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8th International Conference on Addictive Disorders and Alcoholism

Singapore City, singapore

Roop Chand Sidana

Roop Chand Sidana

Prerna De-addiction and Rehabilitation Centre, Tek Chand Sidana Memorial Psychiatric Hospital and De-addiction Centre, India

Title: To study the prevalence of adult ADHD and its significance in substance abuse patients

Biography

Biography: Roop Chand Sidana

Abstract

Statement of the Problem: Attention–Deficit/Hyperactivity Disorder (ADHD) is a common childhood disorder, with an estimated worldwide incidence of 8%-12%, yet it is now known that ADHD often persists into adulthood. Adult (ADHD) often co-occurs with substance use disorders (SUD) and is associated with early onset and more severe development of SUD such as polysubstance use. They present with greater psychiatric co morbidity, such as antisocial personality disorder, borderline personality disorder, anxiety disorders, bipolar disorders and/or post-traumatic stress disorders. Despite being in treatment more often, adults with ¬ADHD-SUD co morbidity have more difficulties remaining abstinent and report a reduced quality of life with more professional, social and personal problems.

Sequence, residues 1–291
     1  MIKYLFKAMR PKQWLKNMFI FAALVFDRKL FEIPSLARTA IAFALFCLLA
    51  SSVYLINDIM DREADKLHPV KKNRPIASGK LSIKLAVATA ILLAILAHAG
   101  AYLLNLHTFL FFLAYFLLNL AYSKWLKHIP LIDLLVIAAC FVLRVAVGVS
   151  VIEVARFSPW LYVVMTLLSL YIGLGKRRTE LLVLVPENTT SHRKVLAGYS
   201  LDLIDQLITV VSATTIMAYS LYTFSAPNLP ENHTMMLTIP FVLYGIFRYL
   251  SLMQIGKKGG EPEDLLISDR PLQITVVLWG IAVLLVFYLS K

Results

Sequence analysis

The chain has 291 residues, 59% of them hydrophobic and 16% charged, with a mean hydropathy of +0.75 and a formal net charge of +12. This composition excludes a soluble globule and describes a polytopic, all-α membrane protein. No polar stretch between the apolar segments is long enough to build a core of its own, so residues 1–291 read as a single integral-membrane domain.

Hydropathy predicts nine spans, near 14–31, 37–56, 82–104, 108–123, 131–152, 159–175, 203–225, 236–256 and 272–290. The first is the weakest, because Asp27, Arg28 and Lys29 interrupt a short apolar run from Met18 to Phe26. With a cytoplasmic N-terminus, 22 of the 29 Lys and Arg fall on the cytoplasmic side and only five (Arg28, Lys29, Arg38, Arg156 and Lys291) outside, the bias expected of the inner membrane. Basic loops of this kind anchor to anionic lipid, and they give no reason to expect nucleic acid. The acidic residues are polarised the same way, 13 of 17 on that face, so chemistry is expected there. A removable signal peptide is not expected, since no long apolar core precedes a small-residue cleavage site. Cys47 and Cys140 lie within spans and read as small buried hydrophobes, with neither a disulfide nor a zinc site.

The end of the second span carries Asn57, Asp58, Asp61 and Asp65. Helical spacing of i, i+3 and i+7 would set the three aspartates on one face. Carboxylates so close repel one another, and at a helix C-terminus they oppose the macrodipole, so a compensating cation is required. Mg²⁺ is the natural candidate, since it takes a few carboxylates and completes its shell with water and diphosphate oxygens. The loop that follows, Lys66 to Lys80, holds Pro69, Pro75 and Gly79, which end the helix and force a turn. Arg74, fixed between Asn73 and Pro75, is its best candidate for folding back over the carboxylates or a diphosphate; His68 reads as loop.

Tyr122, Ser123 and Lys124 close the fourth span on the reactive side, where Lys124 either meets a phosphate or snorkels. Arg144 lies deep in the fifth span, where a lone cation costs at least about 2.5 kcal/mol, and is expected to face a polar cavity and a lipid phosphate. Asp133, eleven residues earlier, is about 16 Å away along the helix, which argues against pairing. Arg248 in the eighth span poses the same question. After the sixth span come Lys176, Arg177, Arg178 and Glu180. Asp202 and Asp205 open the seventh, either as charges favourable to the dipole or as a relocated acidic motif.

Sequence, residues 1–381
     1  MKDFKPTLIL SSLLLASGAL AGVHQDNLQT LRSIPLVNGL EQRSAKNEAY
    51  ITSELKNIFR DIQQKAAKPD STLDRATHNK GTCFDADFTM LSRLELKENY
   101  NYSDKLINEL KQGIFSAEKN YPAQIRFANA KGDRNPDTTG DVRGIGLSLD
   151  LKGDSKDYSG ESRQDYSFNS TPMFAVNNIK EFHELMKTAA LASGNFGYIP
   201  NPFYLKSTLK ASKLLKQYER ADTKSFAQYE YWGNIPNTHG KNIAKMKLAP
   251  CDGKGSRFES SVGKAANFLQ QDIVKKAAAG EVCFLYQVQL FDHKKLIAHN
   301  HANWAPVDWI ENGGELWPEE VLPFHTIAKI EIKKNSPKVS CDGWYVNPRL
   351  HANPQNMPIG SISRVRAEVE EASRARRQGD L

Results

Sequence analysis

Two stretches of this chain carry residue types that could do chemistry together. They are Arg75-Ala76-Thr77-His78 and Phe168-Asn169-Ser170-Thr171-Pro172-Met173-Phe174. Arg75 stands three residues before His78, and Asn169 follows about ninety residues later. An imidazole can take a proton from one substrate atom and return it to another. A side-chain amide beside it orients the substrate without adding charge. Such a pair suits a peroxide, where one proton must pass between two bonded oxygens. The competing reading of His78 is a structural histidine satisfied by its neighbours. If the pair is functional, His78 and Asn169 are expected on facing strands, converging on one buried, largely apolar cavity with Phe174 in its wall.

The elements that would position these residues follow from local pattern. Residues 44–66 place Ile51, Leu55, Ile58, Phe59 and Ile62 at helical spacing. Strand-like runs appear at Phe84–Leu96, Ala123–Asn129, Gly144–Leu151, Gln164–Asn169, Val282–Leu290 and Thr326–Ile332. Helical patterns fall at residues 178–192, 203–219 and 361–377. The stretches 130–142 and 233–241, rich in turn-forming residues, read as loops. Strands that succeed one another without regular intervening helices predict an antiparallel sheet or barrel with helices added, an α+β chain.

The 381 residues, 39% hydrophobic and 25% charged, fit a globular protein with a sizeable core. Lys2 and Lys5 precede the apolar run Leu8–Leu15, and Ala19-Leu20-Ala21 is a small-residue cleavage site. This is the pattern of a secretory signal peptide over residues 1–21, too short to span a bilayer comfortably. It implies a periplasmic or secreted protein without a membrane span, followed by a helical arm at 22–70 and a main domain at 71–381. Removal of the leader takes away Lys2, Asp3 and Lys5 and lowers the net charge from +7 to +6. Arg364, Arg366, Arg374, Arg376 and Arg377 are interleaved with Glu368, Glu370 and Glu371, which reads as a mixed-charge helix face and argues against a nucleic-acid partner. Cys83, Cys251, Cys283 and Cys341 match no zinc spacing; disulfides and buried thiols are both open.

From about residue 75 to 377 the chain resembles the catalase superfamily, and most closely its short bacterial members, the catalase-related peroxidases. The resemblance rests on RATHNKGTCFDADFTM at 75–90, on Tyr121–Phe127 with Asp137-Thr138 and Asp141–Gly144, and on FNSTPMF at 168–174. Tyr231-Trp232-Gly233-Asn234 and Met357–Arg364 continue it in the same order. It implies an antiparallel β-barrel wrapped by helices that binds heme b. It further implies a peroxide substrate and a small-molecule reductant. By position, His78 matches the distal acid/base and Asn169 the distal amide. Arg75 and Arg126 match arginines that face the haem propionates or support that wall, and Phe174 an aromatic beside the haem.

Methodology & Theoretical Orientation: To study the prevalence of Adult ADHD among Substance abuse patients and other psychiatric co morbidities in such patients. Study the patterns of sociodemographic profile of patients with SUD and comorbid adult ADHD. Written informed consent was taken from the participant subjects. Sample sizes were 100. All cases were assessed using semi-structured questionnaire for socio-demographic profile and substance use. A detailed history, physical and mental status examination was done. The Adult ADHD Self Report Scale (ASRS-VI.1).

Conclusion and Findings: Symptoms of ADHD were significantly associated with severity of addiction, onset of substance abuse, relapses, responding to therapy after treatment among substance abuse patients. Co morbid psychiatric illness among substance abuse patients was strongly associated with symptoms of ADHD. The prevalence of Adult ADHD in substance abuse was 22% and 4.0% in non-substance abuse subjects. Comorbidity of Psychiatric disorders and problems is significantly high in those with substance use disorder. Adult ADHD in substance abuse appears to increase the relapse rate and increase the chances of mood fluctuations even in absence of affective disorders. Thus a routine screening for ADHD in substance abuse would better conceptualize the complex disorder. Thus research focusing on managing ADHD in substance use is the need of the day.